Gun control is a Canadian value I was proud to adopt

Posted on May 8, 2020 in Child & Family Policy Context

Source: — Authors: – Opinion/Letters

When my wife and I moved from Chicago to Toronto in the summer of 2010, the decision was mostly driven by potential career opportunities. I was completing my residency training in neurosurgery at Northwestern University and had been recruited to the University of Toronto to start a clinical practice and research program focused on treatment of brain cancers.

The move represented a chance for me to pursue two dreams — to be a surgeon and a scientist — as a new member of an academic centre internationally renowned for its prowess in both.

As critically, however, my physician wife and I saw the move to Toronto as a chance to define ourselves as partners with a country more closely aligned with our social values. Paramount to these values for us was Canada’s celebrated and shared vision of universal health care, a vision that, as physicians, we both shared and wished to be a part of.

Another core value my wife and I share with Canadians: support for gun control.

Last week, Prime Minister Justin Trudeau’s government took a significant step to further entrench this shared value. In announcing that the purchase, transport, import, or use of military-style assault weapons in Canada would be banned immediately, the prime minister said, “These weapons were designed for one purpose, and one purpose only, to kill the largest number of people in the shortest amount of time. There is no use and no place for such weapons in Canada.”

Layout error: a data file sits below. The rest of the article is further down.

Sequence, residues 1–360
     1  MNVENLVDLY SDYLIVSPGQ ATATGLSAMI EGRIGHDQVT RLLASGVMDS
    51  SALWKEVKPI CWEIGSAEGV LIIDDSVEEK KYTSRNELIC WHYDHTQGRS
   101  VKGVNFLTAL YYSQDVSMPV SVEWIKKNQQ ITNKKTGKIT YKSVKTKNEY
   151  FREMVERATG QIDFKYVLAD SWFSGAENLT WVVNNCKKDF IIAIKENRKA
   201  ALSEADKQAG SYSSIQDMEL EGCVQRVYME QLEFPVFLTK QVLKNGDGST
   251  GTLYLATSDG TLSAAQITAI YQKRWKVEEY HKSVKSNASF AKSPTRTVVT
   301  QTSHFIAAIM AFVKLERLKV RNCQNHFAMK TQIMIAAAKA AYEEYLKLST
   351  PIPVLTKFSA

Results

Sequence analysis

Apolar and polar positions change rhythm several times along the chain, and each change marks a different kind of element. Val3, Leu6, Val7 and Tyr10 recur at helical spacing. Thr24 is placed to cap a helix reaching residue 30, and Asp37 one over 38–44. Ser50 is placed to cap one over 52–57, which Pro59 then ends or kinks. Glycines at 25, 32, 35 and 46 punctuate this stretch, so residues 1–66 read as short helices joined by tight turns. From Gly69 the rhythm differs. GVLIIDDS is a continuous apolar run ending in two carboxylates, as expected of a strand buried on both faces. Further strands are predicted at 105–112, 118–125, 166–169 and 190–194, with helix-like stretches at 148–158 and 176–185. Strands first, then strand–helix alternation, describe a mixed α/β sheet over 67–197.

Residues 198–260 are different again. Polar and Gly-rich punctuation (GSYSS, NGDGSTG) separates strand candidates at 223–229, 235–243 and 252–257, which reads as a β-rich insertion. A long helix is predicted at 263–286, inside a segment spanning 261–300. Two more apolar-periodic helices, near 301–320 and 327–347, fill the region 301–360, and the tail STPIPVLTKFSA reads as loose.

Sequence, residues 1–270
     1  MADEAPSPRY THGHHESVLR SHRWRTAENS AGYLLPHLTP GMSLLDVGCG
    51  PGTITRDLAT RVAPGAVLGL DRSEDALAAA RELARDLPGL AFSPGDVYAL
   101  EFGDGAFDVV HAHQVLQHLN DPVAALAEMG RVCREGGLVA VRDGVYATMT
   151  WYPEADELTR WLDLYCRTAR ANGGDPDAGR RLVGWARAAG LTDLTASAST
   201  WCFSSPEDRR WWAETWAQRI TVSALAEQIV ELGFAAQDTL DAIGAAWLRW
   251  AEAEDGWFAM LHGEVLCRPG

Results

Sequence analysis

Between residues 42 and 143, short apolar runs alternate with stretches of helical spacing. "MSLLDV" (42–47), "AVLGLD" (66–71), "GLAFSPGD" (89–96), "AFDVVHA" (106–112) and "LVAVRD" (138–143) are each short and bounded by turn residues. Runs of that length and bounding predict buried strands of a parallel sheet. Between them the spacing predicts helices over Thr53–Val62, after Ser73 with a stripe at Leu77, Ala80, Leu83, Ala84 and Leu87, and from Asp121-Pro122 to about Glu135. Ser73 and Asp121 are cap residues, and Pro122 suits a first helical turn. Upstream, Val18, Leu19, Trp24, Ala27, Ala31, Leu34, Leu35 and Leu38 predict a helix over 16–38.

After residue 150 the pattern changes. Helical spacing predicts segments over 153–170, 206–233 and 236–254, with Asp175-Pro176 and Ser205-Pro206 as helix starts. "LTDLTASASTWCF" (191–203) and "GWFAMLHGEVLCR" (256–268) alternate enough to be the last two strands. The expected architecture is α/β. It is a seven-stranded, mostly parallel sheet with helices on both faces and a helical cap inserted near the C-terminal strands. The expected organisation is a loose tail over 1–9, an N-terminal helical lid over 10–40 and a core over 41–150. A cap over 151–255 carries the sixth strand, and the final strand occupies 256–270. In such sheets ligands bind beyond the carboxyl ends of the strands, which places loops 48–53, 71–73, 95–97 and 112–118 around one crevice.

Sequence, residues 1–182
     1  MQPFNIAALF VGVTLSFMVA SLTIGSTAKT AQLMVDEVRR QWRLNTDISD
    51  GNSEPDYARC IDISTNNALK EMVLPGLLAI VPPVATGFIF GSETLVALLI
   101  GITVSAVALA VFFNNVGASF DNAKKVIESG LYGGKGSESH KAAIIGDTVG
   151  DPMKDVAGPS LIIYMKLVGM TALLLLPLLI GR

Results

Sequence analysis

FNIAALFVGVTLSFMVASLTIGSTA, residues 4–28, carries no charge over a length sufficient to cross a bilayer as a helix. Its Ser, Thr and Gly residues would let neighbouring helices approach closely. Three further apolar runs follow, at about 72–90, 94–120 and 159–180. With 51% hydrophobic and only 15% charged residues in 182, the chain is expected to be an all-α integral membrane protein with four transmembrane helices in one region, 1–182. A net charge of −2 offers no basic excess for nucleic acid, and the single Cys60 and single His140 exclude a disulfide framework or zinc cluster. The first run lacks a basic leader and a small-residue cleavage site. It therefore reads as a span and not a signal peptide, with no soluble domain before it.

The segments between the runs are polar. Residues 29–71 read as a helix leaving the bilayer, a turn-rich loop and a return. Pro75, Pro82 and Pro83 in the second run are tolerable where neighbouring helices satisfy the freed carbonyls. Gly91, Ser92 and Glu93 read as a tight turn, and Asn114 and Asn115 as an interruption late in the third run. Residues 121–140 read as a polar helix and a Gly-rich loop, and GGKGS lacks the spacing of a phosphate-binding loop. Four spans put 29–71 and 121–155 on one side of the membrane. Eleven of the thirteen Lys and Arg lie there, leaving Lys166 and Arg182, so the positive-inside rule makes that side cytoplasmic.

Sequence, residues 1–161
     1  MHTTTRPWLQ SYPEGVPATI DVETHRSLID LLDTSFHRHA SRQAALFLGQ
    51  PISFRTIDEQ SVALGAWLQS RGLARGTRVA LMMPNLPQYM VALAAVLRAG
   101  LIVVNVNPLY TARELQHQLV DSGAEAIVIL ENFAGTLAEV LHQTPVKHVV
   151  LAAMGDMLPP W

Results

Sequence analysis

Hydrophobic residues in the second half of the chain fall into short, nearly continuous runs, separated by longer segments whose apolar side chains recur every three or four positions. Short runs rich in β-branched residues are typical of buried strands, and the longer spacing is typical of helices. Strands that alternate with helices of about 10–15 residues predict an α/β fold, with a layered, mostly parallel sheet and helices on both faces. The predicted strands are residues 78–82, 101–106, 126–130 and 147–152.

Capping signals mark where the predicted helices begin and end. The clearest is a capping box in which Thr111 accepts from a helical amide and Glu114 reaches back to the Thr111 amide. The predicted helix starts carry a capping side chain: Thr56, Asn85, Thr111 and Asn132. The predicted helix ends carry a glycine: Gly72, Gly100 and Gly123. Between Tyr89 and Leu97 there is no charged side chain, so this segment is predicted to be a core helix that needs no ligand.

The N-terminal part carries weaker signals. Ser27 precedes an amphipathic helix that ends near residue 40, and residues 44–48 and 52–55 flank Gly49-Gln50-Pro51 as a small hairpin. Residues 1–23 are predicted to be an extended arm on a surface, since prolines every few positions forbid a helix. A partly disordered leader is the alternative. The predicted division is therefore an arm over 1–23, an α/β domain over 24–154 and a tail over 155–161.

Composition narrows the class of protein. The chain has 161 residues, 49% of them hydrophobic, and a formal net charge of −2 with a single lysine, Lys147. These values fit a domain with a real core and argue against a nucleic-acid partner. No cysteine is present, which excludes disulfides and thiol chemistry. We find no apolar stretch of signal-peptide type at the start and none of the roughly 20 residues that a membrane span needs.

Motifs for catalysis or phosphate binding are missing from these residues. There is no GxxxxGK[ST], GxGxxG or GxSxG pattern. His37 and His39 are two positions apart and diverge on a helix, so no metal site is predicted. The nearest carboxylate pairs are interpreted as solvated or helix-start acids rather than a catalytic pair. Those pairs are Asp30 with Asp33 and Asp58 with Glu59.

As a physician in Chicago, I learned all too well that such weapons were not designed for hunting or even sport shooting. They were designed to kill — quickly, and in large numbers.

The government’s actions drew immediate and intense criticism from gun lobby groups, right wing pundits and multiple leaders within the Conservative Party of Canada. As a physician, son, husband, father, friend, and now, Canadian (my wife, daughter and I became citizens last year), I applaud and thank the prime minister for articulating what the majority of Canadians believe: that assault weapons have no place in the society that we wish to live in and protect.

Yet, as with medicine, we must be guided by the science, and the science is clear: jurisdictions that have more stringent restrictions on access to guns — including bans on assault weapons — have less gun injury and death. Canada’s assault weapons ban is backed by 15 medical associations, two national women’s organizations, survivors’ groups, mayors, police chiefs, and the Federal Ombudsman for Victims of Crime.

In the United States, evidence-based dialogue on gun control has been obstructed by the National Rifle Association and its political partners to great cost. We cannot allow the same to occur in Canada. We should recognize the important progress that has transpired, and guard the change. Let us not fall prey to hollow arguments about “gun rights” and “self protection” or opportunistic political posturing.

This is Canada, after all.

Dr. Sunit Das is a neurosurgeon and associate professor at St. Michael’s Hospital, Unity Health Toronto and the University of Toronto.

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